Travels to a Sundry World | My Family Travels
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We are welcomed by a gust of hot, dry air as we walk off the plane and out the terminal. We’re an odd group: girls and boys ranging from age 13 to 18, all different sizes, from all over the country and all clad in bright neon orange t-shirts, with the words “SINO Language Gateway” plastered across the front. We have just arrived, but we have already started our journey; for the next three weeks, we will be living in China, and immersing ourselves in the deep, rich culture of an ancient, mysterious country with a bustling, flourishing economy. It is such a mix of the old and the new, a perfect fusion of tradition and innovation.

The summer of 2008 was one of the best times of my life, and what made it even more fulfilling was the fact that I had a chance to do something important with my free time, instead of just spending a summer sitting around watching television or talking on the phone; I had a chance to do something that most youth my age would not have had the chance to, or even want to do. I joined the Sino Language Gateway Program as a Youth Volunteer in order to travel to China to not only teach English to students at an elementary school, but also to learn more about my Chinese heritage , and to absorb all the aspects of a country that shaped my identity so greatly.

From the moment we arrived in Beijing, till the moment we went home, we experienced China to the fullest. Living like real Chinese students, we moved into the dorms at the Beijing Language and Culture University. The SLG program spoiled us; the facility was amazing. There were tree-lined, serene walkways on campus and hundreds of little shops down the street. Anything that we needed, from restaurants to boutiques, was just a couple minutes of walking away. The ideal location of our dorms gave us plenty of chances to explore the streets of Beijing, hail taxis, and have opportunities to just experience the daily lives of the residents of Beijing.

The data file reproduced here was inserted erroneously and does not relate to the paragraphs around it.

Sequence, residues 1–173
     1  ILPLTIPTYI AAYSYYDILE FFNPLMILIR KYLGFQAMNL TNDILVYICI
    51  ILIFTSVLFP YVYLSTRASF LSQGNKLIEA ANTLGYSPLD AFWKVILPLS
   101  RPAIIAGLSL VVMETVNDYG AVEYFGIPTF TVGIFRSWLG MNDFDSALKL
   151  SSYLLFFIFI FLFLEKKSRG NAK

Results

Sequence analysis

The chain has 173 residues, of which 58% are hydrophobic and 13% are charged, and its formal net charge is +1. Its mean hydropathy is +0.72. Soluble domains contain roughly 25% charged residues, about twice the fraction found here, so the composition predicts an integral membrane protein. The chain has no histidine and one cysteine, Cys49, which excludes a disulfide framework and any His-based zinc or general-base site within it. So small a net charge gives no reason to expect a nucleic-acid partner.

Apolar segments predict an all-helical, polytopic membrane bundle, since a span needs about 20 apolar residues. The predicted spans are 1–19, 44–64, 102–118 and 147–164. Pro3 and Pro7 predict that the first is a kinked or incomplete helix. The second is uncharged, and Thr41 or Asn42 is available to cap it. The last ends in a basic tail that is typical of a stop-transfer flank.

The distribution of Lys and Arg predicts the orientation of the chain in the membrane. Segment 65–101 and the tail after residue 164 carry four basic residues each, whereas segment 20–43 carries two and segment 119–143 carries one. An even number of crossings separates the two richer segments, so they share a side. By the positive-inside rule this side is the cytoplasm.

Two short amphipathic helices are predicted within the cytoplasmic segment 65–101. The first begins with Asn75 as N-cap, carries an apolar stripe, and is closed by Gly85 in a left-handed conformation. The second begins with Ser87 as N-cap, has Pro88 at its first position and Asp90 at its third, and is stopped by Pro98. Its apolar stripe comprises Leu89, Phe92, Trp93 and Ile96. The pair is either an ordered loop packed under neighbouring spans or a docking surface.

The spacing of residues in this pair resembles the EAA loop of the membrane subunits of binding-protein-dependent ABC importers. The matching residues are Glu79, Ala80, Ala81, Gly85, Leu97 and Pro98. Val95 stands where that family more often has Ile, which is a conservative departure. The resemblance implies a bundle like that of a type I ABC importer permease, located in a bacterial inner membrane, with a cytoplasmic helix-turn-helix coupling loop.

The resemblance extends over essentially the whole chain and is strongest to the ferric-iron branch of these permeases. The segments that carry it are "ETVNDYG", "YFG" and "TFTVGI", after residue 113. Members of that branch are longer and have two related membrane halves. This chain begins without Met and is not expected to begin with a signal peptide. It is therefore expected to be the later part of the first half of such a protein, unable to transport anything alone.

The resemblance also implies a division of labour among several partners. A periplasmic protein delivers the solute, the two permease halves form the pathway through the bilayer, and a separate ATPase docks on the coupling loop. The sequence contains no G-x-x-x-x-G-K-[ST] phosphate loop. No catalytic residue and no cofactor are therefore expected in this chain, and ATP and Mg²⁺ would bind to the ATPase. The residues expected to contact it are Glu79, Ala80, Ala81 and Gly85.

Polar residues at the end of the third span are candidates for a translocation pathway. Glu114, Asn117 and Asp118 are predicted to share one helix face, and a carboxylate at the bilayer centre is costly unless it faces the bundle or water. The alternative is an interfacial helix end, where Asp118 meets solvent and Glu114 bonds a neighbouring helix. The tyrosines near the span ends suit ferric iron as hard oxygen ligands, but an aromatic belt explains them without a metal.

But it wasn’t all play, for soon we reported to work at the Beijing Migrants Workers’ Elementary School. It was a small school, with only a couple of classes, but these little Chinese girls and boys had some of the biggest hearts. They welcomed us with big, warm smiles and hugs, yelling our names and jumping up and down. Our job was to teach them about our American culture and language, but really, they taught us so much more about their culture and language than we expected. They were ecstatic to learn English and to learn about American customs, each picking their own “English” name, like Blas, Yuki, or Han son. These simple moments that I shared with the kids at this elementary school are times that I will treasure forever, because it really was an experience that was important to me.

At a time, when culture is “Americanized” and youth prefer the new and technological to those that are conventional and antique, it’s easy to forget who you are and to lose your sense of heritage. I am American; it’s something that I appreciate and value, but I am also Chinese. That is my identity and the experiences that I encountered on my trip to China guided me on my journey to learning more about myself and who I really want to be. China, with its ability to blend the classic traditions with modern originality, is the perfect expression of harmony.

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